St. Louis Post-Dispatch
UNION • A Franklin County jury on Thursday night awarded $28 million in punitive damages against a Connecticut airplane parts manufacturer in connection with the 2006 crash of a skydiving plane at Sullivan Regional Airport that killed six.
The jury earlier had awarded $4 million each to five families for the loss of their child. A sixth victim was not part of the lawsuit.
The attorney for the families, Gary C. Robb, blamed the crash on a defective engine part made by Doncasters, Inc. The $48 million verdict is believed to be the third largest ever awarded in a Missouri airplane or helicopter crash.
“It was all an effort to sacrifice safety for profit,” Robb said.
The jury of seven women and five men listened to three weeks of evidence about the July 29, 2006 crash of the DeHavilland Twin Otter airplane. Testimony came from air crash investigators, metallurgists and aircraft design engineers.
Robb said his team presented evidence that Doncasters used a different alloy in a compressor turbine blade than called for by Pratt and Whitney Canada, the engine’s manufacturer. Robb said Doncasters sold the part for half of its normal cost.
The part broke causing the right engine to blow up. Witnesses reported, and a photograph showed, smoke and flames coming from the crippled engine just after take-off and moments before the 39-year-old plane nose-dived. The crippled plane struck a utility pole and tree and landed near a house.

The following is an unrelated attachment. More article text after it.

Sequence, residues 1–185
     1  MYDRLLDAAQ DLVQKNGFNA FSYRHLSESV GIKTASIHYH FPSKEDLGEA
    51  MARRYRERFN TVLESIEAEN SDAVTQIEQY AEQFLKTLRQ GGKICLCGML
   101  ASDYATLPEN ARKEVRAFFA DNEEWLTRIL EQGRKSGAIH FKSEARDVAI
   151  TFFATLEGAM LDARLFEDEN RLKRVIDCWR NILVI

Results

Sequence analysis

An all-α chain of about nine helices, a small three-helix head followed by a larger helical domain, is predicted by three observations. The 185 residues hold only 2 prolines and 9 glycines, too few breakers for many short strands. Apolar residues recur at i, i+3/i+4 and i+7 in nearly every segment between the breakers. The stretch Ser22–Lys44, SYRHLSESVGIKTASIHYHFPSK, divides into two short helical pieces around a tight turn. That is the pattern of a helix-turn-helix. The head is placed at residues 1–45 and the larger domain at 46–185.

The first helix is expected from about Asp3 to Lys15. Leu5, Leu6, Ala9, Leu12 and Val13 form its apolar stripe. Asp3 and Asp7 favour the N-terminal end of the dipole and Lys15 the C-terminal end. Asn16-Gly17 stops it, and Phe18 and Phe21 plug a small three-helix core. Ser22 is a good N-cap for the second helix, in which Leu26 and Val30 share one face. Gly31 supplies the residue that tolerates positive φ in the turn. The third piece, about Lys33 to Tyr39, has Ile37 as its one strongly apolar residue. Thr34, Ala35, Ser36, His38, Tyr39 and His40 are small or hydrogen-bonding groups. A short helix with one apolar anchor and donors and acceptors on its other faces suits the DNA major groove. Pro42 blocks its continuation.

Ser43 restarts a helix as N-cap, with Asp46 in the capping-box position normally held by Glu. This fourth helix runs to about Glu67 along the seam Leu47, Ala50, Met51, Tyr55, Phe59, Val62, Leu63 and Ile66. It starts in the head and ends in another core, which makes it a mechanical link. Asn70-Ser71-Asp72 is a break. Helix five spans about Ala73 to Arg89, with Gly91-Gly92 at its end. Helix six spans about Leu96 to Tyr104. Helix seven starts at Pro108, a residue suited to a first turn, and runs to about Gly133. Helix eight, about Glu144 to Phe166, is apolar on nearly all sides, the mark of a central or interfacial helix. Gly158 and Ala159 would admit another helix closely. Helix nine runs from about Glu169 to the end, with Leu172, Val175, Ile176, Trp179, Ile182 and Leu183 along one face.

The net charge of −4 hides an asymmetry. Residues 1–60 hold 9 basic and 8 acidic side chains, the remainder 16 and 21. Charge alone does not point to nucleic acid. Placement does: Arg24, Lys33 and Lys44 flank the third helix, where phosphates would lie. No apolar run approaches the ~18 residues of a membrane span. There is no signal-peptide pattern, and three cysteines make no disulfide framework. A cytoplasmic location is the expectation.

The jury learned that the eight people aboard the twin-engine plane knew it was going to crash and suffered 52 seconds of “pre-impact terror.”
Killed in the accident were:
The jury heard testimony that Cook used his body as a cushion to lessen the impact of a tandem first-time skydiver and that the woman survived the crash, has married and recently had a baby.
The jury awarded the punitive damages after a day and half of testimony to punish Doncasters for reckless conduct, Robb said.
“This company misled and manipulated the (Federal Aviation Administration) into obtaining approval of this aircraft engine part,” Robb said.
An FAA certification officer testified that Doncasters hid key documents showing that the part in question failed performance tests. The jury also learned of eight other engine failures due to same part part breaking.
Robb said the jury was incensed when after they had determined the part was defective a company official testified they planned to continue selling it.
“This company just doesn’t get it and that’s why this jury had to punish them,” Robb said.
In 1995, Robb, one of the nation’s leading air crash attorneys, obtained a $350 million verdict on behalf of a helicopter pilot who experienced an in-flight engine failure and a $70 million verdict on behalf of a 20-year-old woman who was a passenger on the flight. The crash occurred in 1993 when the woman was being airlifted to a Kansas City hospital after being injured in a traffic accident.
An attorney for Doncasters could not be reached immediately for comment.